Building GStreamer from git

Is there a way to test or develop against GStreamer from git without interfering with my system GStreamer installed from packages?

Yes! You have two options: you can either run GStreamer in an uninstalled setup (see How do I develop against an uninstalled GStreamer copy?), or you can use GNOME's jhbuild.

How do I check out GStreamer from git?

GStreamer is hosted on GStreamer consists of various parts. In the beginning, you will be interested in the "gstreamer" module, containing the core, and "gst-plugins-base" and "gst-plugins-good", containing the basic set of plugins. Finally, you may also be interested in "gst-plugins-ugly", "gst-plugins-bad" and "gst-ffmpeg" for more comprehensive media format support.

To check out the latest git version of the core and the basic modules, use

for module in gstreamer gst-plugins-base gst-plugins-good; do
  git clone git://$module ;

This will create three directories in your current directory: "gstreamer", "gst-plugins-base", and "gst-plugins-good". If you want to get another module, use the above git clone command line and replace $module with the name of the module. Once you have checked out these modules, you will need to change into each directory and run ./, which will among other things checkout the common module underneath each module checkout.

The modules page has a list of active ones together with a short description.

How do I get developer access to GStreamer git?

If you want to gain developer access to GStreamer git, you should ask for it on the development lists, or ask one of the maintainers directly. We will usually only consider requests by developers who have been active and competent GStreamer contributors for some time already. If you are not already a registered developer with a user account on, you will then have to provide them with:

  1. your desired unix username

  2. your full name

  3. your e-mail address

  4. a copy of your public sshv2 identity. If you do not have this yet, you can generate it by running "ssh-keygen -t rsa -f ~/.ssh/". The resulting public key will be in ~/.ssh/

  5. your GPG fingerprint. This would allow you to add and remove ssh keys to your account.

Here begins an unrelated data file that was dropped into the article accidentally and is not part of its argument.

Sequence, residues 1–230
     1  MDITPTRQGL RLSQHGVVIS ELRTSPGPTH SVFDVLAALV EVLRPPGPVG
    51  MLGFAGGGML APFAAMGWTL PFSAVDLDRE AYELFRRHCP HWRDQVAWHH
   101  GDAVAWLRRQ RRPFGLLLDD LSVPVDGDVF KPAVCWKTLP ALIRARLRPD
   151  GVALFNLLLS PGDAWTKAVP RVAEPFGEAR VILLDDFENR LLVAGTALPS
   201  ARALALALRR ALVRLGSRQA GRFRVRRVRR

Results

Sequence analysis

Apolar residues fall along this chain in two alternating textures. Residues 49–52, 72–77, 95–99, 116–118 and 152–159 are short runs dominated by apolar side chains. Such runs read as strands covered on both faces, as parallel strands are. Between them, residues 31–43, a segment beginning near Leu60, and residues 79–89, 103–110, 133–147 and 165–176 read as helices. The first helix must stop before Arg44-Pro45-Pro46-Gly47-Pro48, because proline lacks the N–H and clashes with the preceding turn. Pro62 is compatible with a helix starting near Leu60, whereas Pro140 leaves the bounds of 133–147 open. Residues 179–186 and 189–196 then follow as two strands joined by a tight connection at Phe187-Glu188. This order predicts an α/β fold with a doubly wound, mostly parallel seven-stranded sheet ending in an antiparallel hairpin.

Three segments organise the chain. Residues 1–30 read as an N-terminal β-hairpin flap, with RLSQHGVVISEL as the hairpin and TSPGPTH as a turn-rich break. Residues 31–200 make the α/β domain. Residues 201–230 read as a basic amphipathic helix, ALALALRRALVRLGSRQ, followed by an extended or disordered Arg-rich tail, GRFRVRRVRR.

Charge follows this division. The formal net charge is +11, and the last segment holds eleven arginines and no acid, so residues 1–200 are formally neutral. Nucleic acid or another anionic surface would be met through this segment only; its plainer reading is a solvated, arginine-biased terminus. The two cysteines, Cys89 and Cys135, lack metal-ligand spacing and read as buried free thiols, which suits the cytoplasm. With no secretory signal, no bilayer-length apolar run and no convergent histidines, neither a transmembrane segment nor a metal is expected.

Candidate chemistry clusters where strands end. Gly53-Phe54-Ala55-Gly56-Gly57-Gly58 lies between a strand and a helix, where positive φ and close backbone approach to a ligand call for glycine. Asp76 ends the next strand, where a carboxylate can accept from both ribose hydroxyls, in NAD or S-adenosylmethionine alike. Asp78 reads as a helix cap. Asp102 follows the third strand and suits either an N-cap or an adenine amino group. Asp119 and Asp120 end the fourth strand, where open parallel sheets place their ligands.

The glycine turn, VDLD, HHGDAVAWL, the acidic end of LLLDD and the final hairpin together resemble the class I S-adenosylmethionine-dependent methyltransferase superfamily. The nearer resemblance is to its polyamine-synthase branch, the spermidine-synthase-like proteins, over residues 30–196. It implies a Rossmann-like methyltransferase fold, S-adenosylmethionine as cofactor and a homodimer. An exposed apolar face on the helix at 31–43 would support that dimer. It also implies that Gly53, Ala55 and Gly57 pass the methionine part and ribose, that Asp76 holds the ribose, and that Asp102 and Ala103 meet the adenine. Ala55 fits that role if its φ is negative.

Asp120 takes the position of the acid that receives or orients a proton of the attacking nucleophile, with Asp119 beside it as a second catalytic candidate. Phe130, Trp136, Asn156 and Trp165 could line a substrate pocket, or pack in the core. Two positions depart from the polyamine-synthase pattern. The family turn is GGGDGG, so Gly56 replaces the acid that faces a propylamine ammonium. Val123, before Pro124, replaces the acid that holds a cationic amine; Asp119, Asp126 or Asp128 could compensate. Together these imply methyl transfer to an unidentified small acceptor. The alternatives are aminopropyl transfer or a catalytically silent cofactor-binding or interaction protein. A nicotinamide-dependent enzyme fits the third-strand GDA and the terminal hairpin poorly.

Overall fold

Once you have all these items, see for what to do with them.

I ran, but it fails with aclocal errors. What's wrong?

+ running aclocal -I m4 -I common/m4 ...
aclocal: 8: macro `AM_DISABLE_STATIC' not found in library
aclocal: 17: macro `AM_PROG_LIBTOOL' not found in library
aclocal failed

What's wrong?

aclocal is unable to find two macros installed by libtool in a file called libtool.m4. Normally this would indicate that you don't have libtool, but that would mean would have failed on not finding libtool.

It is more likely that you installed automake (which provides aclocal) in a different prefix than libtool. You can check this by examining in what prefix both aclocal and libtool are installed.

You can do three things to fix this :

  1. install automake in the same prefix as libtool

  2. force use of the automake installed in the same prefix as libtool by using the --with-automake option

  3. figure out what prefix libtool has been installed to and point aclocal to the right location by running

    export ACLOCAL_FLAGS="-I $(prefix)/share/aclocal"
where you replace prefix with the prefix where libtool was

Why is "-Wall -Werror" being used?

"-Wall" is being used because it finds a lot of possible problems with code. Not all of them are necessarily a problem, but it's better to have the compiler report some false positives and find a work-around than to spend time chasing a bug for days that the compiler was giving you hints about.

"-Werror" is turned off for actual releases. It's turned on by default for git and prereleases so that people actually notice and fix problems found by "-Wall". We want people to actively hit and report or fix them.

If for any reason you want to bypass these flags and you are certain it's the right thing to do, you can run:


to clear the CFLAGS for error checking.

The results of the search are